Métis Nation British Columbia is the government of Métis in BC
Intergovernmental Affairs manages MNBC’s relationship with the federal government through the Canada-Métis Nation Accord, and with the Province of British Columbia through the development of a new reconciliation agreement underpinned by the Declaration on the Rights of Indigenous People’s Act. As a central service supporting all MNBC ministries, this department also liaises with municipalities, First Nations and MNBC Chartered Communities.
- Monitoring and analyzing legislative and policy developments that could affect MNBC ’s organizational objectives.
- Working with provincial, federal, municipal and Indigenous government officials – plus boards and commissions as necessary – to promote MNBC and its strategic priorities.
- Developing a new bilateral relationship agreement with the Province of British Columbia.
- Working with the Métis National Council to advance MNBC priorities at the federal level.
- Supporting work on the Recognition of Indigenous Rights and Self-Determination table with the Government of Canada.
Métis Nation British Columbia has been in various levels of talks and negotiations with both the provincial and federal governments as we assert our Section 35 constitutional rights as one of Canada’s three Aboriginal Peoples. There is still much work to do, but we are making progress in moving toward a reconciliation agreement with BC and a self-government agreement with Canada.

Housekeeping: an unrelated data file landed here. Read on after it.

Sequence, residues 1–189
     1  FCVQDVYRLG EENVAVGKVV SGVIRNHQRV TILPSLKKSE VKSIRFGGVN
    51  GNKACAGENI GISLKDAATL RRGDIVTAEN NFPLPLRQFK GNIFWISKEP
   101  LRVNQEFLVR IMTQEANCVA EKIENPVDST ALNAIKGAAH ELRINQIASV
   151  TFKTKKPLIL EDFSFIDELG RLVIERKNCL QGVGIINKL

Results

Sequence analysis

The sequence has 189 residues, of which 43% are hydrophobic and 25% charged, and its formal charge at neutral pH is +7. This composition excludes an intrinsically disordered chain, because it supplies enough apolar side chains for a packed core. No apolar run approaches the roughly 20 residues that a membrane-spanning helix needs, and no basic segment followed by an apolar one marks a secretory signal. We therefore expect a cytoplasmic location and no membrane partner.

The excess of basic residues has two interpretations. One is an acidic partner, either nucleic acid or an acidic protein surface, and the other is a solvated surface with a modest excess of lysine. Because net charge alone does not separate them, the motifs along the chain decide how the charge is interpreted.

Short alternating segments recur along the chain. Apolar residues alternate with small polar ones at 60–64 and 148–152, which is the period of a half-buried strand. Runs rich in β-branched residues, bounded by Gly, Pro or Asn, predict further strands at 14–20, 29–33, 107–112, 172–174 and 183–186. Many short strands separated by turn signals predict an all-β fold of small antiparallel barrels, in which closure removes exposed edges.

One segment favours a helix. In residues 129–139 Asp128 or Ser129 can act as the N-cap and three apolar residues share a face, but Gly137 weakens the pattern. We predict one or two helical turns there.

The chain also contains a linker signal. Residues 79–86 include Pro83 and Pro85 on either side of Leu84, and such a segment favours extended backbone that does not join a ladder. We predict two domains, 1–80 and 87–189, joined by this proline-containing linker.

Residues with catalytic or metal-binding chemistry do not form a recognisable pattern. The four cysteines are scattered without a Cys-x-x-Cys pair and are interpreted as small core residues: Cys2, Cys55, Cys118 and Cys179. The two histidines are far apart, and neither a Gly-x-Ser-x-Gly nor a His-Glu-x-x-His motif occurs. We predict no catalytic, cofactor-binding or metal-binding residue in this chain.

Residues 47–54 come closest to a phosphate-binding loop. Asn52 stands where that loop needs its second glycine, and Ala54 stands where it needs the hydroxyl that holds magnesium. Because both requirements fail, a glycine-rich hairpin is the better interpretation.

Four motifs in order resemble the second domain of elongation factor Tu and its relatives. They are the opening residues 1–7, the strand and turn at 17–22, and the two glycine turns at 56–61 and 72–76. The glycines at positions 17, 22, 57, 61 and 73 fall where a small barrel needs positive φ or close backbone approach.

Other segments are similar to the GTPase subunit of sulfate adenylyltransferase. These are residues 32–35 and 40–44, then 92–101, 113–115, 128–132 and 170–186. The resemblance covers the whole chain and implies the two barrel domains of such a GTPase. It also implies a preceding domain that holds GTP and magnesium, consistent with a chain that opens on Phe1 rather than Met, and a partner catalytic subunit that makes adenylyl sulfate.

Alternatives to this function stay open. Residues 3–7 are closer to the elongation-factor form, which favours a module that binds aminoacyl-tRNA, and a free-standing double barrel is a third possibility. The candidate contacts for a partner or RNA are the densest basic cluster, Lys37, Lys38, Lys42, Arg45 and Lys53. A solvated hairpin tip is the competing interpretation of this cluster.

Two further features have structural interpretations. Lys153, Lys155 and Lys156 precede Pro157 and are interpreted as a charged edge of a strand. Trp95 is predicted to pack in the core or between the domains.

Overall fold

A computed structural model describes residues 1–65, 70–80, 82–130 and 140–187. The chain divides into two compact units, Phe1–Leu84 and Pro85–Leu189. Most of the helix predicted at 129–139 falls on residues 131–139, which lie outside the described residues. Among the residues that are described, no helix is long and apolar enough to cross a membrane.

The Province of British Columbia recently recognized Métis Nation British Columbia as the representative government of Métis in B.C., and that Métis people in the province have certain Aboriginal rights as one of three distinct Indigenous Peoples in Canada under Section 35 of the Constitution Act, 1982, in a letter dated May 12, 2023 by Murray Rankin, Minister of Indigenous Relations and Reconciliation.
This official recognition builds on the 2021 Letter of Intent, which outlines a “whole of government” approach to improving Métis relations by respecting self-determination and committing to develop a reconciliation agreement. A reconciliation agreement with British Columbia will reflect distinctions-based commitments in the Declaration on the Rights of Indigenous Peoples Act (DRIPA) Action Plan. The DRIPA legislation and Action Plan represent a real opportunity for transformative change in respectful, rights-based relations with Indigenous people in British Columbia.
Métis Nation British Columbia (MNBC) recognizes that First Nations hold Aboriginal title to these lands now known as British Columbia. MNBC’s assertion of our constitutional section 35 rights should not be misconstrued as claiming Aboriginal title in British Columbia. MNBC is committed to acknowledging, upholding, and respecting First Nations’ inherent rights that have existed since time immemorial, and to their constitutionally protected treaty rights. The assertion of our right to self-government is not intended to claim any Aboriginal title in British Columbia. Any assertions that we are claiming Aboriginal title are inaccurate and are from unaffiliated groups who do not speak for or represent objectively verified Métis citizens in British Columbia that make up our membership.